On my way to camp at Garner State Park, I got trapped in Luling for an hour. For those of you unfamiliar with this quaint but smelly (something to do with perpetually leaking natural gas pipes) little town just north of I-10, closer to San Antonio than to Houston, it is home to some of the best BBQ in Texas. I had timed my trip to arrive in Luling around 12:30 to miss the lunch rush at City Market. I was a bit later than I intended because I spent too long at the Duluth Trading Company location in Katy.
The stop was to return a couple of jackets I had ordered online for Allen and me for Christmas that turned out to be too large (as in wrap-around-twice-and-still-have-room too large). I should have been in and out in 10 minutes or less, and would have been if the siren song sale sign hadn’t lured me onto the clearance rocks, I mean racks. At least I spent less than the credit for the returned items.
So, it was almost 1 o’clock by the time I reached downtown Luling, found a place to park with my trailer, and almost skipped the two blocks to City Market, where I headed straight to the cutting counter at the back and ordered a pound of moist brisket (an incalculable number of points on my diet) to go. I pulled a hot, thick, fatty slice out of the greasy butcher paper on the way back to my truck and gobbled it down, licking my fingers to get it all and wiping what was left on the seat of my pants.
As I pulled away from the curb, I intended to retrace my route back to the interstate (which was ridiculously out of the way, but I didn’t know that at the time, which is the first indicator of the chain of unintended consequences I was unwittingly setting in motion), but Google Maps—my truck doesn’t have built-in navigation on a nice screen in the dashboard, so I use my phone, which I can’t look at while I drive—had other ideas. The creepy, uncanny valley voice began rattling off directions using local street names that meant nothing to me:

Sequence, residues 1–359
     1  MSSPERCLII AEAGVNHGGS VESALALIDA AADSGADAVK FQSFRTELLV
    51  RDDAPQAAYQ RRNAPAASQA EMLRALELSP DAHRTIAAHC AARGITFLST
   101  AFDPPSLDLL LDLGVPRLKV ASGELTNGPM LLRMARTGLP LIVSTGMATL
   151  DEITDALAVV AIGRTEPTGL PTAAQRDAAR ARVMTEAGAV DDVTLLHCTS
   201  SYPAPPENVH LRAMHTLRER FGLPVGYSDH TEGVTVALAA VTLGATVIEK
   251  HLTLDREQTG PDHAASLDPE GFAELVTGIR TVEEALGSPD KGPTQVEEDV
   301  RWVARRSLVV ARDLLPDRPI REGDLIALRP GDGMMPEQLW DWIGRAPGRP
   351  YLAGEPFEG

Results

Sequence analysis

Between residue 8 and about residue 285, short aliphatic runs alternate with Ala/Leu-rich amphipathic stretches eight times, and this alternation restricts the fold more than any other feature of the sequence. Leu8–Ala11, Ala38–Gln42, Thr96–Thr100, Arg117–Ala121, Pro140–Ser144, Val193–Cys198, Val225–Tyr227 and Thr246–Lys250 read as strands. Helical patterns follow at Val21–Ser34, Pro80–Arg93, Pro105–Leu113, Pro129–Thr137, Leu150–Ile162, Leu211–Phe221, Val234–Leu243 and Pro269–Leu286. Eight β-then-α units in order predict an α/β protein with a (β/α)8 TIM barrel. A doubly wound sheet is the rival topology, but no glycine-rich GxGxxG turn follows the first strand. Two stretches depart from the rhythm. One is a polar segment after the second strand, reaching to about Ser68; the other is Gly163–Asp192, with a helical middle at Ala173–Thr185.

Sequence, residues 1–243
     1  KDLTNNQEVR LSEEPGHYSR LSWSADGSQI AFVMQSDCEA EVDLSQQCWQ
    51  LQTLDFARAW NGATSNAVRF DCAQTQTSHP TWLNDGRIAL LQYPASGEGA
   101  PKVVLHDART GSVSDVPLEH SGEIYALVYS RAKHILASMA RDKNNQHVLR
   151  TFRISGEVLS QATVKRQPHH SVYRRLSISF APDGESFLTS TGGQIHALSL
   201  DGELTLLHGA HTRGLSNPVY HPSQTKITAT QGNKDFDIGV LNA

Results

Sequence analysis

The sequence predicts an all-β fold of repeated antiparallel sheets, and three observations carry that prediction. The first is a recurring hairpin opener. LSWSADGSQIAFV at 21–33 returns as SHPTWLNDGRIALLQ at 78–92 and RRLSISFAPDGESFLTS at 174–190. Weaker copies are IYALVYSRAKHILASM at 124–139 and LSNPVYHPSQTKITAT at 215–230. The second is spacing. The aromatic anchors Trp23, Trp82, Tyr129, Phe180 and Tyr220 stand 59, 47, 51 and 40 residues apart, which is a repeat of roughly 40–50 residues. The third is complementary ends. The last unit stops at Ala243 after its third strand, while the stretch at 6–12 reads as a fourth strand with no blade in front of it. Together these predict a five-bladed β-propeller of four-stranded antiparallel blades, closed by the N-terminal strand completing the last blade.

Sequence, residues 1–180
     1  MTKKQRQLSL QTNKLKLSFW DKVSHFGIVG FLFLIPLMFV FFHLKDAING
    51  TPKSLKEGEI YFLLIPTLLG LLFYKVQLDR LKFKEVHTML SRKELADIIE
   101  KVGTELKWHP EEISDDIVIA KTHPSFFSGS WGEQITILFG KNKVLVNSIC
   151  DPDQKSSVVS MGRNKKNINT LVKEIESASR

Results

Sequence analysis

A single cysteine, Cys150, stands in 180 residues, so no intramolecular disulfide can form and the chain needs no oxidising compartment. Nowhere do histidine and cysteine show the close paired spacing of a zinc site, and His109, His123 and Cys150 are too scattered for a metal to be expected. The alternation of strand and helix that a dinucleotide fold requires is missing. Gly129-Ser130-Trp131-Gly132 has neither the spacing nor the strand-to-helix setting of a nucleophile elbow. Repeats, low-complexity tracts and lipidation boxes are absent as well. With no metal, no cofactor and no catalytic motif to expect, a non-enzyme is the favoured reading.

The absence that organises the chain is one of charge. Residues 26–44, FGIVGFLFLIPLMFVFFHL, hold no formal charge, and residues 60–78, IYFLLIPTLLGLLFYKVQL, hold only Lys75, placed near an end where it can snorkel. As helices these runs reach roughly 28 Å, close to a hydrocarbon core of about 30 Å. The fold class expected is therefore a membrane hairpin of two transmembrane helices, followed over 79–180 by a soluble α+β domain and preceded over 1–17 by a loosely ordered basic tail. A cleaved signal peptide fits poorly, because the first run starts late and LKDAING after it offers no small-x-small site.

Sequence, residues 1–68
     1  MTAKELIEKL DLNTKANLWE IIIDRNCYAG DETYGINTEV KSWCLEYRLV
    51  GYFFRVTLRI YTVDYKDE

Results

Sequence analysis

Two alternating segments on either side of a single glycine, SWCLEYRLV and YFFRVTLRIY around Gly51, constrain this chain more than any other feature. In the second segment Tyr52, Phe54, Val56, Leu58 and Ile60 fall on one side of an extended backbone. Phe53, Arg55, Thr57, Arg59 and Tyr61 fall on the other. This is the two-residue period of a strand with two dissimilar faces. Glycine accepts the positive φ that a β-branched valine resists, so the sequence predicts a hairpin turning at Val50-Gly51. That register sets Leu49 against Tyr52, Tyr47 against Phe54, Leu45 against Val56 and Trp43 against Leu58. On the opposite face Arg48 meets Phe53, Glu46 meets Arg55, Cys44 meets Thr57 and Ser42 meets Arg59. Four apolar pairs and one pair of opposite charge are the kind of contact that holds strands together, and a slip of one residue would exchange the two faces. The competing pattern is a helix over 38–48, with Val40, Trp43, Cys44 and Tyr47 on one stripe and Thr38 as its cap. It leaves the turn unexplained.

In 800 feet turn left on Oak Street.
“What the hell do I want with Oak Street,” I asked the voice., but recalling the times I have suffered from ignoring Google Maps, I decided to turn. As I put my foot on the brake, I caught a glimpse of Oak Street going by. “No problem, I thought, GM will tell me to turn on the next street.”
In 500 feet, turn right Elm Street.
But before I could change lanes (I’m pulling a travel trailer, remember), Elm Street was in the rearview mirror. By now I knew that Google Maps and/or my phone was having one of its periodic nervous breakdowns, the manifesting symptom of which is advising turns too late for me to avail myself of its advice. But I’ve played this game before, so I suspected it was trying to get me to turn around an go the other way. Nearing the interstate, I could see why. Westbound traffic was at a virtual standstill as two lanes were merging into one. Pulling off onto the shoulder, I gave GM enough time to calculate its next move and me enough time to make that move safely. Three dirt roads later I was once again heading into downtown Luling.
When I got there, I was instructed to “turn left on Texas 80 South,” which I assumed would take me back to I-10. Congratulating myself on being open-minded enough to let GM guide me around the slowdown, I did as directed and before long saw the interstate ahead. However, the single lane of creeping traffic was still there. “Well, at least I’m further along than I would have been,” I reasoned and prepared to turn right, in keeping with the computerized directions I was receiving. But, unbeknownst to Google Maps, the entrance ramp was blocked by barricades, behind which sat a police cruiser with its lights on.
Not knowing what else to do, I pulled over as far to the right as I could on the bridge going over I-10, parked, and got out to ask the police officer for help. He seemed a bit annoyed and rather brusquely informed me that I was blocking a lane of traffic on the bridge. Telling him I thought I was on the shoulder didn’t help, but I persisted.
“I’m not from around here, and I’m trying to go west. How do I do so?”
Taking me for an idiot, he pointed out what he thought was obvious:
“There are two ramps. This one goes west, the other goes east. Take the eastbound ramp, go to the first exit, get off, make a U-turn, and get back on going west.”